• Tue
  • Dec 23, 2014
  • Updated: 5:00am

John says ...

PUBLISHED : Tuesday, 25 May, 2010, 12:00am
UPDATED : Tuesday, 25 May, 2010, 12:00am

It's hard not to feel angry when we see a bully in action, or feel pity for the person on the receiving end of their cruelty.

So Wendy has chosen a theme for her story that is almost guaranteed to get readers emotionally involved with her characters, which is always a good thing.

However, if Mandy just accepted her fate, and didn't take any action to stop Bill's bullying, we would probably not only have a dull story, many readers would also be likely to become irritated with her.

This is because, while they might still feel sympathy for her, they would find it hard to feel empathy with someone who doesn't try to help themselves.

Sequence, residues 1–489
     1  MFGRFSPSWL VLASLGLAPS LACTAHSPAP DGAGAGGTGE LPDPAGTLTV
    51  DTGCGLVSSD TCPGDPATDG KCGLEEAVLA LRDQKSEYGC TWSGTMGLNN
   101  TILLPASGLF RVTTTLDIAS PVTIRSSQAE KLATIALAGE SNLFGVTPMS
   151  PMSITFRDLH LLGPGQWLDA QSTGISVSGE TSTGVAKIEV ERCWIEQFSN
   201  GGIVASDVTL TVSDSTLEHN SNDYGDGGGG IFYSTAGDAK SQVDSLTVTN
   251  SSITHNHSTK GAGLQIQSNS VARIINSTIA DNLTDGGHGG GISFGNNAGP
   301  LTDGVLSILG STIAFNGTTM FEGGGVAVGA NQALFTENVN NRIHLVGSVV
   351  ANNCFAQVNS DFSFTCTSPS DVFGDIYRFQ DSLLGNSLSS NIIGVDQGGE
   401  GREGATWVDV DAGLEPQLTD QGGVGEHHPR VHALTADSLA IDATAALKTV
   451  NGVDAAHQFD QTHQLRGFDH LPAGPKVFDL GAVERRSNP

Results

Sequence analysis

So, what's the difference between sympathy and empathy, two words that can easily be confused?

Well, when we feel sympathy for someone, we feel sorry for them without necessarily understanding what they're going through. Whereas, when we empathise with them, we can put ourselves in their shoes and identify with their emotional situation.

I'd guess most of us would like to think we'd do something, take some action, if Bill was picking on us.

So it was a good move by Wendy, after introducing Mandy as someone who fails to act, to show her coming up with a bright idea to catch out Bill.

However, I think we'd feel sorrier for Mandy, and even more outraged about Bill's behaviour, if we knew more about the tricks he had already been playing on her.

And if Mandy was even cleverer in outwitting Bill in front of Miss Leung, then her journey from victim to victor might be even more impressive.

Let me show you what I mean.

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